After spending more than a year in development, Microsoft finally announced .NET 6 to the world on November 8th, 2021. The rollout is Microsoft’s biggest yet in the software development software domain. It is the last part of the .NET unification program, envisioned by Microsoft at the time of .NET 5. It unifies the SDK, base libraries, and runtime across various app platforms.
A couple of months ago Microsoft announced .NET 5 release as the first step to achieve .NET unification. Microsoft’s goal is to have a single set of tools, APIs, and languages you can use across multiple platforms. On February 17th the tech giant announced a release of a .NET 6 Preview 1 as the next step of a big .NET utilization plan.
.NET has been one of the most popular software development frameworks for several years now. While the framework touted by Microsoft has withstood the test of time, one must appreciate the evolution of .NET as a development framework, and the range of .NET benefits offered by it.
.NET framework provides two distinct ways of freeing up the unmanaged resources – Finalize & Dispose. In this article, we are going to discuss all the details about these two methods, the similarities and differences between them, and how using these can improve the efficiency of the program in .NET. So without much adieu, let’s get straight into it!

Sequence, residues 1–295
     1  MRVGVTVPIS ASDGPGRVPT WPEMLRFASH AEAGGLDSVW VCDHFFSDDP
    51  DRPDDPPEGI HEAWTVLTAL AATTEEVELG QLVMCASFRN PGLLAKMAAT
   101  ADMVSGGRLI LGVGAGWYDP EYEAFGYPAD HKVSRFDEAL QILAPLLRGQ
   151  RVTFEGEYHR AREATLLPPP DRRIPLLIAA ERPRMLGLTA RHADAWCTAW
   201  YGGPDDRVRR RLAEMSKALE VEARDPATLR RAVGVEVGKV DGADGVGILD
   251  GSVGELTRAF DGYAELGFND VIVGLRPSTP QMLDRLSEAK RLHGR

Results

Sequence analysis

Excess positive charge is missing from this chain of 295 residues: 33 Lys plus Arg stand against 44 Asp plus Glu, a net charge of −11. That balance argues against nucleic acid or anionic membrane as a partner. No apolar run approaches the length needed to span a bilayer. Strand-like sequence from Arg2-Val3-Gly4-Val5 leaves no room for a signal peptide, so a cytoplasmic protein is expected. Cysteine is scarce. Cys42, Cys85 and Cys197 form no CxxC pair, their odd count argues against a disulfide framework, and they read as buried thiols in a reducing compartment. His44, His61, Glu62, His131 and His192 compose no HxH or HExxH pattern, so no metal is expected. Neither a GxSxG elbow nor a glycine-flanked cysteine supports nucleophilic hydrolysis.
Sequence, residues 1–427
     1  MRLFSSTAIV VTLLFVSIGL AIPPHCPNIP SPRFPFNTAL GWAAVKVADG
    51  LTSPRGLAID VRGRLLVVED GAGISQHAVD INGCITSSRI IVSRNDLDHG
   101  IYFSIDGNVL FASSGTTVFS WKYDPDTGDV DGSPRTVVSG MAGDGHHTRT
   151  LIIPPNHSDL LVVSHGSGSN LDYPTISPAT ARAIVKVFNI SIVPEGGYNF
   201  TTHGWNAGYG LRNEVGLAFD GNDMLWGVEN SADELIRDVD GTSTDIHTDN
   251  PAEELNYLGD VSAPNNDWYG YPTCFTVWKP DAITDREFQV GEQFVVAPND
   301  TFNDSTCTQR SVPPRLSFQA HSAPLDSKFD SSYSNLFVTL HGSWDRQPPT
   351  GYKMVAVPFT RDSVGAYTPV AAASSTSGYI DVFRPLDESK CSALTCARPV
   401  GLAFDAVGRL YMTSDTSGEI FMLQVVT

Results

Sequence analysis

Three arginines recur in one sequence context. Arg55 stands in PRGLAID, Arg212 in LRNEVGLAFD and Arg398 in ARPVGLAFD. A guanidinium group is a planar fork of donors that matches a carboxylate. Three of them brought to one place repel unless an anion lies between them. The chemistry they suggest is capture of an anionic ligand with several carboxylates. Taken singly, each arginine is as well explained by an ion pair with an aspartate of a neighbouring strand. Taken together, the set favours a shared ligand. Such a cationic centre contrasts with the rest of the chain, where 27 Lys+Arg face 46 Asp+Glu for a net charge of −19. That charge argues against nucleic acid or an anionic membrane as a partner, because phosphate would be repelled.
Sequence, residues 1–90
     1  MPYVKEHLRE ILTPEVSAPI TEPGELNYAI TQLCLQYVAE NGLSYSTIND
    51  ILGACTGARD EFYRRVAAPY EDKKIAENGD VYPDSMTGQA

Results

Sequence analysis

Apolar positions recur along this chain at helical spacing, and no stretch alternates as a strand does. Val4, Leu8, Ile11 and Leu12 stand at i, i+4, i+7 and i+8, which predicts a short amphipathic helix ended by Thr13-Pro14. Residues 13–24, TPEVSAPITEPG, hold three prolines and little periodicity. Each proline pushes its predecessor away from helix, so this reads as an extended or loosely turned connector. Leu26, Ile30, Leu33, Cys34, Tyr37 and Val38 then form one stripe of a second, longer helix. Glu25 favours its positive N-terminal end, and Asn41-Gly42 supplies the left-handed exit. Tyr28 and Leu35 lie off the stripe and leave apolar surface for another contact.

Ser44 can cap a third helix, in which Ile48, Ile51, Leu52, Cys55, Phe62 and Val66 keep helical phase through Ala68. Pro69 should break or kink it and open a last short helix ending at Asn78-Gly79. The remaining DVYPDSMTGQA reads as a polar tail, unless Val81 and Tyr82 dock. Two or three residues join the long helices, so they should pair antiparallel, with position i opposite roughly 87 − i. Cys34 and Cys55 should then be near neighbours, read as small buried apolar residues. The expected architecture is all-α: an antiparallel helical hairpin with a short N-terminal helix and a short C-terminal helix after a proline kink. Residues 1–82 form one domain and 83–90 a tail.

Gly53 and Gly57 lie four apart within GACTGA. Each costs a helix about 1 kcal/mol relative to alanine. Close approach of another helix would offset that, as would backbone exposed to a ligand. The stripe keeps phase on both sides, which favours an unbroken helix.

.NET Core is a modular implementation that can be used in a wide variety of verticals, scaling from the data center to touch based devices, is available as open source, and is supported by Microsoft on Windows, Linux and Mac OSX. Lets go into a bit more detail of how .NET Core looks like and how it addresses the issues discussed earlier.
At November 12, 2014 Microsoft announced the availability of the next version of Visual Studio. Visual Studio 2015 Preview adds significant value including cross-platform development in C++, the new open-source .NET compiler platform, C++ 11 and C++ 14 support, Apache Cordova tooling, and ASP.NET 5.